The theme for Day 20 of the 30 Days of Indie Travel Project* is Drink.
Just as the cuisine of a place reveals clues about its culture and history, so does its signature local drink. What’s the best drink you had on the road, and did the drink have any connection to the place where you drank it or the people you drank with?
I think a signature drink of a place can stand out just as much – or more – than the food – and it doesn’t have to be fancy to do so. I would never think of Austria or Germany for their cuisine, but their beer? Heck yeah!
I probably associate certain drinks with places I have traveled – much like I do with music.
Beer, of course, makes me think of Germany and Austria – particularly my several visits to the Hofbrauhaus in Munich and my apres ski experience in Saalbach, Austria.
The pisco sour, of course, I will always associate with Peru – especially hiking the Inca Trail and how refreshing that first pisco was when we reached the restaurant in Aguas Calientes after touring Machu Picchu under cloudy skies and a drizzle that turned into a downpour. I even brought a bottle of Pisco home with me, but I never was able to perfectly duplicate the drinks I enjoyed in Peru. (and I am kind of kicking myself right now that I don’t actually have a picture of a pisco sour to post!)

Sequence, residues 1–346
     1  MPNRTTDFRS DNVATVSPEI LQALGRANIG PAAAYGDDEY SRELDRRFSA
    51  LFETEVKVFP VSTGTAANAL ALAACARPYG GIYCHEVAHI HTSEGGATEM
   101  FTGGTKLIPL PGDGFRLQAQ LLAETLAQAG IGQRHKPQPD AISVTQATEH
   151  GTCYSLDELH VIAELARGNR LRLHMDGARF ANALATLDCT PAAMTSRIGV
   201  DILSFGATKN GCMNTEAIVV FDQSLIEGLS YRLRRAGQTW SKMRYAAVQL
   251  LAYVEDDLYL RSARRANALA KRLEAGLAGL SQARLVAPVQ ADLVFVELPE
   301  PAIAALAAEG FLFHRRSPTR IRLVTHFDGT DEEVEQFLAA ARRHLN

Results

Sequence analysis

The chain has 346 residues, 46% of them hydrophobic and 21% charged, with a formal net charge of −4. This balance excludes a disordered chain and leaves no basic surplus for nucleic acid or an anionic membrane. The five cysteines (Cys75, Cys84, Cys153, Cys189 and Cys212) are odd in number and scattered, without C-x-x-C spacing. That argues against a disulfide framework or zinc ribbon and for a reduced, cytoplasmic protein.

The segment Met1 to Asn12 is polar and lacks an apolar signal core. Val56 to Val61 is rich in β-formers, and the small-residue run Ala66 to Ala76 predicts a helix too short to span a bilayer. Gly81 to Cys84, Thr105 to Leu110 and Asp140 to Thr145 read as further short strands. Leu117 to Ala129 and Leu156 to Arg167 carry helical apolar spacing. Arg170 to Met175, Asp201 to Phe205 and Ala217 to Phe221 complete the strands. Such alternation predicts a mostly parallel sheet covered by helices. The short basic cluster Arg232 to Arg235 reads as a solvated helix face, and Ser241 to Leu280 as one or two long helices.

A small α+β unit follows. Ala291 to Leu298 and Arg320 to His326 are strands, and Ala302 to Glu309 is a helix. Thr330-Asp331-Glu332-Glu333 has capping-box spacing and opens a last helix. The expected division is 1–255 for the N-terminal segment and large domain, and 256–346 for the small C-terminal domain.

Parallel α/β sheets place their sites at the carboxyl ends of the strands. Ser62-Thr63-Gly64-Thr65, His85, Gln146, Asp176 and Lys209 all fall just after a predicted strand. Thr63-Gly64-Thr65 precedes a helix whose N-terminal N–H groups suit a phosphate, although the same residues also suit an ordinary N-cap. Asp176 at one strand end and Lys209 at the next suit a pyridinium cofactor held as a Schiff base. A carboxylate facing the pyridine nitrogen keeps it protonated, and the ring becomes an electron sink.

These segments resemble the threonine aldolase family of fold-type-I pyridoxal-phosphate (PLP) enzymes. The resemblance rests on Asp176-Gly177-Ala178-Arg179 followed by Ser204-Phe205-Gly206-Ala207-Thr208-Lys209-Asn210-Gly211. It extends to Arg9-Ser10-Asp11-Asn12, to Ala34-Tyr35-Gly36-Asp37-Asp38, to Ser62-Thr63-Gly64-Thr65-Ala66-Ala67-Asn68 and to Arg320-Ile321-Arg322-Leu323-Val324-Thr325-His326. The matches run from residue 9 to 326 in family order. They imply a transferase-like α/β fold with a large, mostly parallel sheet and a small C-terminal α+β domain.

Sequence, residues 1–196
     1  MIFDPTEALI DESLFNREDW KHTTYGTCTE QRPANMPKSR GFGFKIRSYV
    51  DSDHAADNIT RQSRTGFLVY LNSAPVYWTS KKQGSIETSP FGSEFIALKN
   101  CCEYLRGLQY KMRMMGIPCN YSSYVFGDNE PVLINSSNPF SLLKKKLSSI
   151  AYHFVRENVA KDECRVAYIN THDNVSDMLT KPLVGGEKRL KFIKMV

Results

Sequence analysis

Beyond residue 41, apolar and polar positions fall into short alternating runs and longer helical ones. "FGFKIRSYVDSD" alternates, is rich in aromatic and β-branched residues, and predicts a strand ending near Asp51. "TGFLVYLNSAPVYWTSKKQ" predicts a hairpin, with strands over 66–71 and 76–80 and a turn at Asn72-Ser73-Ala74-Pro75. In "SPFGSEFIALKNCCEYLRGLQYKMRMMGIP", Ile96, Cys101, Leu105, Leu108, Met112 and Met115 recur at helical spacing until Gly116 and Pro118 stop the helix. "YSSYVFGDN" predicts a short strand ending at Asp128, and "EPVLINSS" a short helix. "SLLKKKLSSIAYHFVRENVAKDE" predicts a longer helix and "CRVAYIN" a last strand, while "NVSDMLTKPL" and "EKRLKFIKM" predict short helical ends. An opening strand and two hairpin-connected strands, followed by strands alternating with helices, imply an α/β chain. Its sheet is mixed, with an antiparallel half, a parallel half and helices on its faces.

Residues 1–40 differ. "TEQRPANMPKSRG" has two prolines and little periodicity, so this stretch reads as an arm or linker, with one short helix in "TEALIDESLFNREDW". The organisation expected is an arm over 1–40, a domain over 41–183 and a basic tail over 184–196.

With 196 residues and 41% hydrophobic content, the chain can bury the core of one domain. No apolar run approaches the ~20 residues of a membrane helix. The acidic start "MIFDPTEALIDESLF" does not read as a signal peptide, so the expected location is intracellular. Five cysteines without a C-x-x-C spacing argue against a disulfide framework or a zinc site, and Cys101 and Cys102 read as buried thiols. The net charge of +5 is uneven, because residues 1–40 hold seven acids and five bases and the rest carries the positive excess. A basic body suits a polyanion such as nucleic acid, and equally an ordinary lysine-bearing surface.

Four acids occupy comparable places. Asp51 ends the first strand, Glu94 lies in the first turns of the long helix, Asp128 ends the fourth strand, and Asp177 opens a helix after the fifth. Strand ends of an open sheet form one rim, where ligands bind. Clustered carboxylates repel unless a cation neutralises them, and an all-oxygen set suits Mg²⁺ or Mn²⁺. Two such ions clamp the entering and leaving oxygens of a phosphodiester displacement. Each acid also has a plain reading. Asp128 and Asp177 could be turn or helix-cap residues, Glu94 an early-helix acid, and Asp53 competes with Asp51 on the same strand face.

Gluhwein (hot mulled wine) is another favorite of mine in Germany. When I arrived in Berlin the day after Christmas several years ago,my first stop was the Christmas markets for a mug of gluhwein and a big pretzel.
Absinthe – which does not cross my mind often – will always remind me of a bizarre night in what I like to call the Russian Mafia bar in Lisbon, Portugal. I didn’t partake, but my friends Ryan and Mark enjoyed a couple glasses of the green stuff!
Finally, I am no wine connoisseur but I became a big fan of Australian wines after taking winery tours through the Yarra and Barossa Valleys. In the days before the carry-on ban on liquids greater than 3 ounces, I carried eight bottles of wine back to Chicago with me when I returned from Down Under. Six years later, I still tend to order a wine if I see it came from one of the wineries I visited.
*Throughout the month of November, BootsnAll is inviting bloggers from around the world to join them in a daily blogging effort – the 30 Days of Indie Travel Project – designed to reflect on how our travel experiences over the last year – or whenever – have shaped us and our view of the world. Bloggers can follow the prompts as strictly or loosely as they like, interpreting them in various ways and responding via text, photos or video posted on their own blogs.